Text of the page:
To handle the demands of an off-road course in winter, we’ve seen a trend towards disc brakes in cyclocross. Most bike manufacturers offer at least one model that comes standard with disc brakes. Yet many of the pros, most notably those in Europe, stick with cantilever brakes.
So, why the trend toward disc brakes? And are they always appropriate?
First, an introduction to disc brakes from Lennard Zinn at VeloNews:
A brief disc-brake primer
Cable-actuated brakes constitute the vast majority of disc brakes used in cyclocross, due primarily to the absence of hydraulic master cylinders built into road dual-control levers until recently.
The models most commonly used in cyclocross are the Avid BB7, followed by the Hayes CX-5.
Disc-brake pads are very thin, on the order of the thickness of a nickel when new, and their spacing from the rotor is very close. And cable-actuated disc brakes generally fade sooner with pad wear than do hydraulic ones.
There are two reasons for this. The most important is that they are not “self-adjusting” like hydraulic brakes. As the pads wear, there is no system to automatically either take up additional cable slack or reposition the pads closer to the rotor.
The other reason is that most cable-actuated disc brakes have only one moving pad.
The brake cable pulls a rotating arm that drives the outboard pad inward by means of ball bearings rolling in curved, tapering tracks. The moving pad pushes the rotor over until it contacts the stationary inboard pad.
When the lever is released, the outboard pad returns by means of a spring, and the rotor springs back to running straight up and down between the pads. This means that the outboard pad hits the rotor sooner and thus wears faster than the inboard one, and it also means that the loss of pad material results in a faster loss of braking than if the cable were pulling both pads equally toward the rotor.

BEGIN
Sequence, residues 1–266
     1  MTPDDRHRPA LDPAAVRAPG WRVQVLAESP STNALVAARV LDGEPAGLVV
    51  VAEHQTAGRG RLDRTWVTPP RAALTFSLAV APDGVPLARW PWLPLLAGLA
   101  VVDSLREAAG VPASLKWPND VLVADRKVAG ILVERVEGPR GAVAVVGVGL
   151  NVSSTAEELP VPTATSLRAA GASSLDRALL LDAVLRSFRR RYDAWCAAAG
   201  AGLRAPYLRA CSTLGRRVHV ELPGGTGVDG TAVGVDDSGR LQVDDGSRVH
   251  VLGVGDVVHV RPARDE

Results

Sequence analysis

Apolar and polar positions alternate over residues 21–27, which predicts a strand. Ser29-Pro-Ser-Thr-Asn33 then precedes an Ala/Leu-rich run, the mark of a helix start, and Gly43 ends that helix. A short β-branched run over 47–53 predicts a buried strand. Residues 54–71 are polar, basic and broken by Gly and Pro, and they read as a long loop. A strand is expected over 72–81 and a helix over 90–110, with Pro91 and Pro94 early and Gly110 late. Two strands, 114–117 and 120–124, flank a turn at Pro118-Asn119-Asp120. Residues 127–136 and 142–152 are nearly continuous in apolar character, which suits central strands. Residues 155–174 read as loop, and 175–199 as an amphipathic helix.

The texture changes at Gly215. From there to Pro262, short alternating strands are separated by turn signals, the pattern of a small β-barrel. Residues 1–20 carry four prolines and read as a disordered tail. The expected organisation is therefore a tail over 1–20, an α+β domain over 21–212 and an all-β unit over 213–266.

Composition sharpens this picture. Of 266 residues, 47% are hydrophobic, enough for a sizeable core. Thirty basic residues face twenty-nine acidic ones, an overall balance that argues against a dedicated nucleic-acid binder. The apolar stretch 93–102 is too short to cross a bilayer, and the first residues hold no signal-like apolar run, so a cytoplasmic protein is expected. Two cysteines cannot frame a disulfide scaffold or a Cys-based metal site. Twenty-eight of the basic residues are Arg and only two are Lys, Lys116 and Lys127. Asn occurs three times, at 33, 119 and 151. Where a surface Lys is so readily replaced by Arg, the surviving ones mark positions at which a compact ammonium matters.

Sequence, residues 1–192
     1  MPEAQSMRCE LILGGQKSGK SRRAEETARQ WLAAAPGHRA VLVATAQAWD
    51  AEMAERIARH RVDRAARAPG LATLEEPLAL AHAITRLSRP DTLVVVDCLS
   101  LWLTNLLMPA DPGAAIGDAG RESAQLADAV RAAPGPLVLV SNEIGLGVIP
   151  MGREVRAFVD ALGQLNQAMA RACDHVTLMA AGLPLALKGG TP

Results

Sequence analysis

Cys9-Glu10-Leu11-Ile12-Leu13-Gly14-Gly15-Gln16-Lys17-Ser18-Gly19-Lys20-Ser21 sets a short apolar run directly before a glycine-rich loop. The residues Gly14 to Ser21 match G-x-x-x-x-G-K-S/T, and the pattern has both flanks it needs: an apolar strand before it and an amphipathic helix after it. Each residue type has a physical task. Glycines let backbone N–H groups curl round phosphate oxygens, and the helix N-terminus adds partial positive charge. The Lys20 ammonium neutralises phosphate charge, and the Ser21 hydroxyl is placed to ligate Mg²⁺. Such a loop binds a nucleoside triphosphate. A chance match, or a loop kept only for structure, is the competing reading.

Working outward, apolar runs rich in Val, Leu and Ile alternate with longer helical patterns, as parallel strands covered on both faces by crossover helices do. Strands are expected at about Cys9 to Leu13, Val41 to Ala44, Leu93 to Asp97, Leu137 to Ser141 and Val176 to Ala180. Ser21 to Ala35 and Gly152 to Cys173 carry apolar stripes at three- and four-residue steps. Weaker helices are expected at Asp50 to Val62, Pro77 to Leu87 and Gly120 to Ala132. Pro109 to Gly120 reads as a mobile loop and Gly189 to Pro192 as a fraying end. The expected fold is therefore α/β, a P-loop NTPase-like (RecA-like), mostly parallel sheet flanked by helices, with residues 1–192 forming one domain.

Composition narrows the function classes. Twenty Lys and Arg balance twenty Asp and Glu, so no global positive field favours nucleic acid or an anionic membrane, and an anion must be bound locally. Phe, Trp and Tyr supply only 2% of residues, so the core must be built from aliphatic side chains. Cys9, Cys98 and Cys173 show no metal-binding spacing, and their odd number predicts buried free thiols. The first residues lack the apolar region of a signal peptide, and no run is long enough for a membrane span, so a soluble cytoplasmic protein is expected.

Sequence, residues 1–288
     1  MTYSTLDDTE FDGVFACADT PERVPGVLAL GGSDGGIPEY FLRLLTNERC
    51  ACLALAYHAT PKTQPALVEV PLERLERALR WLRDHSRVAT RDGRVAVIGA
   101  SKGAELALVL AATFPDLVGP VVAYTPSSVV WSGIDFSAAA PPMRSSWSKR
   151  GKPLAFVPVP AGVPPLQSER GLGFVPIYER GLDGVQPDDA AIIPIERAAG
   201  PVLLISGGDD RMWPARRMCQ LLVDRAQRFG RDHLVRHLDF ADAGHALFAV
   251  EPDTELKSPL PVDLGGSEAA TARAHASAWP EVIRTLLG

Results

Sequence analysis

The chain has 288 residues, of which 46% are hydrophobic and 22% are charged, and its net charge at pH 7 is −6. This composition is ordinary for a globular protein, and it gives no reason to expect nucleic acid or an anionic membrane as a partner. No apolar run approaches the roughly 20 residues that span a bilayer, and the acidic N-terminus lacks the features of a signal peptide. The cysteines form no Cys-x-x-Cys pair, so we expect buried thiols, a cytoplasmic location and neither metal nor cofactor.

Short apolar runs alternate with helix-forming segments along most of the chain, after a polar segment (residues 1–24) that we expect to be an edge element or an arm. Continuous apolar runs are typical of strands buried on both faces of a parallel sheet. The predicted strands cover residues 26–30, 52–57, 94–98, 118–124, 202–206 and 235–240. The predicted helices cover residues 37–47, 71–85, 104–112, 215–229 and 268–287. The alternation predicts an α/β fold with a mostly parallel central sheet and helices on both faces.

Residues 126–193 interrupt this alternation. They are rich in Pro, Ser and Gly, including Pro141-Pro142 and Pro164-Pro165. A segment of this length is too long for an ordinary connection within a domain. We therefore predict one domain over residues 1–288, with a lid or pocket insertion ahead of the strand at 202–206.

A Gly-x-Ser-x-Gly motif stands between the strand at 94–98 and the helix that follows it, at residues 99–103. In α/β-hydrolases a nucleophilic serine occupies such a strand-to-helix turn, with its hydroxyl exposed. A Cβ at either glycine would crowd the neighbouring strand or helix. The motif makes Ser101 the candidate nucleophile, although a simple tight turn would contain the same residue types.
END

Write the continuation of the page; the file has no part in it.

As the pads wear, the user can simply turn the adjustment knobs on each side of the caliper clockwise to move the pads closer to the rotor. This can be done until the pad thickness has reached critical limits, but it can only be done while the bike is stopped; the rider can’t adjust braking on the fly.
A hydraulic disc brake, on the other hand, will continue to offer braking as the pads wear until the pad material is gone.
Hydraulic brakes generally have moving pads on both sides of the rotor and are self-adjusting. The pads wear evenly and have double the movement because the same amount of lever movement results in both pads moving as far as the single outboard pad moves in a cable-actuated setup.
As the pads wear, the brake automatically compensates by taking more fluid from the reservoir at the master cylinder to fill the extra internal volume created by the pistons moving further out in their cylinders to get the rapidly thinning pads to contact the rotor. This continues as the pads wear down, and fade generally does not happen in cold, wet conditions until the pad material is completely worn off of the pad backing plates.
Of course, the pad material is still thin, meaning that riders could still lose their brakes over the course of a race in these conditions. There have been plenty of muddy and slushy mountain-bike downhills in which racers have gone through their pads in the course of a two-minute run, even with top-of-the-line hydraulic brakes with four pistons, huge rotors, and bigger pads with far more surface area than road disc pads.
The three general types of disc-brake pads are:
• Organic (a.k.a., “resin”) pads made of tough, heat-resistant synthetic fibers like Kevlar or Twaron (both para-aramid fibers) bonded together with a petrochemical resin.
• Sintered metal (a.k.a., “sintered,” “metallic,” or “sintered metallic”) pads, which are metallic particles (generally copper alloy) fused together under heat and pressure; they may or may not have some other ingredients as well.
• Semi-metallic pads made of steel fibers mixed with other fibers in a ratio of up to 50-50. These are less common in bicycle applications than in motorcycling.
Disc Brakes at CX Nationals
The ever-changing racing conditions at Cyclocross Nationals this year gave us reason to doubt that disc brakes are always the best choice.
As we reported, the consistency and thickness of the mud varied from day to day, from race to race and sometimes, even, from lap to lap – depending on the temperature and the cloud cover.
The texture of the mud was likened at different times to peanut butter, fudge and thick frosting, always with a hard layer of ice just below.